In Suicide Note, Iraq War Veteran Says He Was Forced to Participate In War Crimes
by Rania Khalek in Dispatches from the Underclass
Dan Somers (right) performing at his band’s CD Release Show (Phoenix New Times/Melissa Fossum)
On June 10, 2013, 30-year-old Iraq War veteran Daniel Somers killed himself after writing a powerful letter to his family explaining his reasons for doing so.
“My mind is a wasteland filled with visions of incredible horror, unceasing depression, and crippling anxiety, even with all of the medications the doctors dare give,” reads the letter, which Somers’ family allowed Gawker to publish. Somers went on to reveal the source of his pain:
During my first deployment, I was made to participate in things, the enormity of which is hard to describe. War crimes, crimes against humanity. Though I did not participate willingly, and made what I thought was my best effort to stop these events, there are some things that a person simply can not come back from. I take some pride in that, actually, as to move on in life after being part of such a thing would be the mark of a sociopath in my mind. These things go far beyond what most are even aware of.
To force me to do these things and then participate in the ensuing coverup is more than any government has the right to demand. Then, the same government has turned around and abandoned me. They offer no help, and actively block the pursuit of gaining outside help via their corrupt agents at the DEA.
Though he offers no specifics about the abuses he witnessed and/or participated in, we do know that Somers was a part of the Tactical Human-Intelligence Team (THT) intelligence unit in Baghdad “where he ran more than 400 combat missions as a machine gunner in the turret of a Humvee, interviewed countless Iraqis ranging from concerned citizens to community leaders and and government officials, and interrogated dozens of insurgents and terrorist suspects,” the kinds of US operations that ended in torture and murder on more than one occasion. Somers went on to become a senior analyst with the Joint Special Operations Command (JSOC), which is featured extensively in Jeremy Scahill’s book and documentary Dirty Wars, and not in a positive light.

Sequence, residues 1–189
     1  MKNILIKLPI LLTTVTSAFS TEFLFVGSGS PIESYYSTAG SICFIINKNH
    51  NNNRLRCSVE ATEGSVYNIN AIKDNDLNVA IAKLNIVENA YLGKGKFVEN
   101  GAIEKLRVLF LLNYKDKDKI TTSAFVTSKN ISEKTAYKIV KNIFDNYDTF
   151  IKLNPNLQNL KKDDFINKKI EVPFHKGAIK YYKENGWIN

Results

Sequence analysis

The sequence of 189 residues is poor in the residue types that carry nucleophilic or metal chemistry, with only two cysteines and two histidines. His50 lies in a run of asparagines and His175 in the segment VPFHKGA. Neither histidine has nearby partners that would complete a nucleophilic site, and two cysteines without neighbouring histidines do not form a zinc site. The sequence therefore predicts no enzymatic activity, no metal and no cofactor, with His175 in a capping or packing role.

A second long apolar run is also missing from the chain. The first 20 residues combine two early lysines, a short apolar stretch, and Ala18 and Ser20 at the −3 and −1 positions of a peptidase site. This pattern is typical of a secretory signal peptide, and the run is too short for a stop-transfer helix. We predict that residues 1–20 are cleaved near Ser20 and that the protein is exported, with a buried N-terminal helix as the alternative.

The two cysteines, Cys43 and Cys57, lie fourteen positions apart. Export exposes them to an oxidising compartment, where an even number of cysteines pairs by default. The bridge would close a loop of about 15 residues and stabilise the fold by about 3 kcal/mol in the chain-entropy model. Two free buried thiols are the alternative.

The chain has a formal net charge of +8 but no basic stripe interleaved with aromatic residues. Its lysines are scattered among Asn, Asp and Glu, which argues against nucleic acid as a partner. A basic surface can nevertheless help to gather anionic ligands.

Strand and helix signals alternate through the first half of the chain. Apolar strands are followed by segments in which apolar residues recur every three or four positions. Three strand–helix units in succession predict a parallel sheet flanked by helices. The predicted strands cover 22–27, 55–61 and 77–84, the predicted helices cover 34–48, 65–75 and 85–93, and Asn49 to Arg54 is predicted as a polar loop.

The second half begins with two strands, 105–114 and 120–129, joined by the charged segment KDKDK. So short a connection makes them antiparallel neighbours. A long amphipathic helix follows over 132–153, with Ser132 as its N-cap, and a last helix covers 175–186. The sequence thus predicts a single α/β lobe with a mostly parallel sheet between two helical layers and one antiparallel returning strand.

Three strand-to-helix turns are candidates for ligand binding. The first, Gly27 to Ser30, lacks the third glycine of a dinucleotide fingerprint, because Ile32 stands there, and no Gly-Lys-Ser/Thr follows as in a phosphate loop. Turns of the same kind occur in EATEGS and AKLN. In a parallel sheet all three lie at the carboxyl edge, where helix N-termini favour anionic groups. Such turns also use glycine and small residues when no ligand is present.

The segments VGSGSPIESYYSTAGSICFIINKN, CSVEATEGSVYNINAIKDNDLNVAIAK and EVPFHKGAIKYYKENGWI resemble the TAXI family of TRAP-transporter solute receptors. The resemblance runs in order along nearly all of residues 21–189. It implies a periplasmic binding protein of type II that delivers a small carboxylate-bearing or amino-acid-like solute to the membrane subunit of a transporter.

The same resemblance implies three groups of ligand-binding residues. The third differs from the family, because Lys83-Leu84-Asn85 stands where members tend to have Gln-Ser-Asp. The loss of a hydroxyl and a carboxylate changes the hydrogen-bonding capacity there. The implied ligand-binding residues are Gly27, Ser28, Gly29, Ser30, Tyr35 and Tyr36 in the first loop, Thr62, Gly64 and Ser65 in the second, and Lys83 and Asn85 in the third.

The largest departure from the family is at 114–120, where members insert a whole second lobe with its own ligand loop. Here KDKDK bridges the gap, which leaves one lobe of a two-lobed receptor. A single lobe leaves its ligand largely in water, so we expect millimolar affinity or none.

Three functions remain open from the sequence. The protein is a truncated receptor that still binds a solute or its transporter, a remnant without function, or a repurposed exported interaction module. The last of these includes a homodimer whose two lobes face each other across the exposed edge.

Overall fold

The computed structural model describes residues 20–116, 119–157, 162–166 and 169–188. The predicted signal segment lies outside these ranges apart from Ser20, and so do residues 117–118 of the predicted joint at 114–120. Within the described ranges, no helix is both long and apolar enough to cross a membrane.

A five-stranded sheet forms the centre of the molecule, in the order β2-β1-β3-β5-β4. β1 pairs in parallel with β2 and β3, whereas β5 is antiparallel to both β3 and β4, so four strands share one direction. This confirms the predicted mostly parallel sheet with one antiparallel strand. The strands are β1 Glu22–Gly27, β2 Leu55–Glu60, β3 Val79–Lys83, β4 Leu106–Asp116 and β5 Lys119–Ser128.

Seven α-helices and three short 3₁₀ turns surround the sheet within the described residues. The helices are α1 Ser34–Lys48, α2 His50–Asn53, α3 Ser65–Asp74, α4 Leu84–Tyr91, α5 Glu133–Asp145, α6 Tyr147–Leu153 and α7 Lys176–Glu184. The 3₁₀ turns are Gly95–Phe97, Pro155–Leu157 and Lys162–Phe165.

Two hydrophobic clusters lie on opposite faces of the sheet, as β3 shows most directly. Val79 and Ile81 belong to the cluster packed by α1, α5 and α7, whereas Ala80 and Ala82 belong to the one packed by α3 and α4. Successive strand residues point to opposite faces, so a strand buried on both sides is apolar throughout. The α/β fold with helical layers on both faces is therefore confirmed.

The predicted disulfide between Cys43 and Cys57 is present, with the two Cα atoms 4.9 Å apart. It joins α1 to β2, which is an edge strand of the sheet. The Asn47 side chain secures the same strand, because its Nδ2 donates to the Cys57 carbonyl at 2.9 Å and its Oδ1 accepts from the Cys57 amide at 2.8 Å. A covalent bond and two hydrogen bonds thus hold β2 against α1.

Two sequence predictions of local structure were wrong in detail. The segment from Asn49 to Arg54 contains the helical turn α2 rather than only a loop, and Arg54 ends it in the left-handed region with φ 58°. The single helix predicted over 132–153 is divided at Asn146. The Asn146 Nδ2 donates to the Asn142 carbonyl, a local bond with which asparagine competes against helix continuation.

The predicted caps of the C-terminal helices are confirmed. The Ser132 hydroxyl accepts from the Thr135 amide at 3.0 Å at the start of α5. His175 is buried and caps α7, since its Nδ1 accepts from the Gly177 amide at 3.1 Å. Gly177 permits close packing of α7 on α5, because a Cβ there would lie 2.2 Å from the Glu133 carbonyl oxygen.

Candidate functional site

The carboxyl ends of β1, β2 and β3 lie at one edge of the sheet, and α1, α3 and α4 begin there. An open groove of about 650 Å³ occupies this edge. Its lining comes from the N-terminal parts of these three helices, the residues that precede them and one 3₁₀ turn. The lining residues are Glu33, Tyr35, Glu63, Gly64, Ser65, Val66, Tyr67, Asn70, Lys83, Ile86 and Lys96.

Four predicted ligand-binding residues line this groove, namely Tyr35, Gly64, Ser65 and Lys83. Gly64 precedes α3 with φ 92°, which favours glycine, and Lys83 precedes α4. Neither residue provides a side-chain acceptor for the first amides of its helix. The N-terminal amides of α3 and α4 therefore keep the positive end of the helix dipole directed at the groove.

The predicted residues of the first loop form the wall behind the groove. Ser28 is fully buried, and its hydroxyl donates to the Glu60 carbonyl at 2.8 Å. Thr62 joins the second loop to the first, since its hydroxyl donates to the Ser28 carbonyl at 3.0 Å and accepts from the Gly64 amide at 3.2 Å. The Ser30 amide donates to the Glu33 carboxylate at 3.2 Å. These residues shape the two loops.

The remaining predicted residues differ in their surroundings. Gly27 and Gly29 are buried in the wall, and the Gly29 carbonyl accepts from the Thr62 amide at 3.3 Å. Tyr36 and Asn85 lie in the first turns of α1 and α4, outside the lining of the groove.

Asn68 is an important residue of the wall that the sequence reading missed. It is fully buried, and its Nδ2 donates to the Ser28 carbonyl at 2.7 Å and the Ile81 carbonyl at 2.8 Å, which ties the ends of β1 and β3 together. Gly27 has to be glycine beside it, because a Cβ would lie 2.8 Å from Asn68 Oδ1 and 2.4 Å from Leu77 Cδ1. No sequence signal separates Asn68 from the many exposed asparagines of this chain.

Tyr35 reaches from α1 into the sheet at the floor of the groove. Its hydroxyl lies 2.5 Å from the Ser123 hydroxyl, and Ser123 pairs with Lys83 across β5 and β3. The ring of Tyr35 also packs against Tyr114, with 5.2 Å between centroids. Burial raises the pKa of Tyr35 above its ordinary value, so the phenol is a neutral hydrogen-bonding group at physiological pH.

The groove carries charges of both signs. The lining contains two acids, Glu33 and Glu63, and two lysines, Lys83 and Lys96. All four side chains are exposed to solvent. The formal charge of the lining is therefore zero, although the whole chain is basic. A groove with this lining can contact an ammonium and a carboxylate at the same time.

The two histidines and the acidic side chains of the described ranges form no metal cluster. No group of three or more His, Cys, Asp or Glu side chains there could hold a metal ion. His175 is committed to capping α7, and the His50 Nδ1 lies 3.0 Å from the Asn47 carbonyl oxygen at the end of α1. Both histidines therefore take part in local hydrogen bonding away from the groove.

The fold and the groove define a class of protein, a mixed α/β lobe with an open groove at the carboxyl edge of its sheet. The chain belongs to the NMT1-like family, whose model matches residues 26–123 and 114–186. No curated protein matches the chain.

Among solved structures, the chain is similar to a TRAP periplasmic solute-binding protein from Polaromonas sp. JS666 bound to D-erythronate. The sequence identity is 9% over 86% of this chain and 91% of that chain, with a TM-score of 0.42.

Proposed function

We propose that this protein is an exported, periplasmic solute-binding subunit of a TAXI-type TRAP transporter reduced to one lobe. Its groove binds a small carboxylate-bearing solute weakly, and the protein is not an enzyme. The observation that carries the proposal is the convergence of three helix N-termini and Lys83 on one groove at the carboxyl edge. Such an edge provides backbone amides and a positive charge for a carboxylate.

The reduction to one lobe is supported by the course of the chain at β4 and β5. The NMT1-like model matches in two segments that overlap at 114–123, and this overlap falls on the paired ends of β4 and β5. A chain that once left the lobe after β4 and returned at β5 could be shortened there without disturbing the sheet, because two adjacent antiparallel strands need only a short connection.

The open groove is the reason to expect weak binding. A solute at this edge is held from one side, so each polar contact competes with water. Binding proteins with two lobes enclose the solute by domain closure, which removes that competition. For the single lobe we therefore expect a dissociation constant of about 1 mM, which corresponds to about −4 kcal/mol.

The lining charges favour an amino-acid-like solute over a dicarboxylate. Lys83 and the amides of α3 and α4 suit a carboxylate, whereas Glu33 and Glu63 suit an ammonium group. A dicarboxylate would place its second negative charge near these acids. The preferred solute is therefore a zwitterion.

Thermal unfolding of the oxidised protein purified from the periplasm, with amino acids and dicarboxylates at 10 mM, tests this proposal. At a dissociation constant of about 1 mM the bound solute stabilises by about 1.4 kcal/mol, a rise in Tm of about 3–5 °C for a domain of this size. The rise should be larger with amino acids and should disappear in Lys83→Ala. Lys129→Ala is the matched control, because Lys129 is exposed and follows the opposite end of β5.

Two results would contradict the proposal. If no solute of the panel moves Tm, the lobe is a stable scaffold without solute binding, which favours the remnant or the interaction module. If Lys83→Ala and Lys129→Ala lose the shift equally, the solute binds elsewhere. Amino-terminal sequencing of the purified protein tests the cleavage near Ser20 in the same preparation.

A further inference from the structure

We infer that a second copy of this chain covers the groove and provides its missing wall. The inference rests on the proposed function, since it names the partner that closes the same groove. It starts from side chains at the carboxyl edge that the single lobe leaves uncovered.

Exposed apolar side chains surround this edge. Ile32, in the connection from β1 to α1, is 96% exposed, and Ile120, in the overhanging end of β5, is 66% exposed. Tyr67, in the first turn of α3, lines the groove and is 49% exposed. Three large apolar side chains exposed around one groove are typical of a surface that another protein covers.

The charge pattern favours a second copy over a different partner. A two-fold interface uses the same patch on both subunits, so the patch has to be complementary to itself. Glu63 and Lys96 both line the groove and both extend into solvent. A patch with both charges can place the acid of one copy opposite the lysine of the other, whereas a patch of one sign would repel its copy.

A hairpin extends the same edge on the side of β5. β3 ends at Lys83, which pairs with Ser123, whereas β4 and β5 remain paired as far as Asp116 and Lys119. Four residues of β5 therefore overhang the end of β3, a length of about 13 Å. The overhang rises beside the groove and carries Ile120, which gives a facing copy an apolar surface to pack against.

What’s even more heartbreaking is that Somers’ says he tried to use his position to turn things around but the U.S. war machine wouldn’t allow it.
I tried to move into a position of greater power and influence to try and right some of the wrongs. I deployed again, where I put a huge emphasis on saving lives. The fact of the matter, though, is that any new lives saved do not replace those who were murdered. It is an exercise in futility.
Then, I pursued replacing destruction with creation. For a time this provided a distraction, but it could not last. The fact is that any kind of ordinary life is an insult to those who died at my hand. How can I possibly go around like everyone else while the widows and orphans I created continue to struggle? If they could see me sitting here in suburbia, in my comfortable home working on some music project they would be outraged, and rightfully so.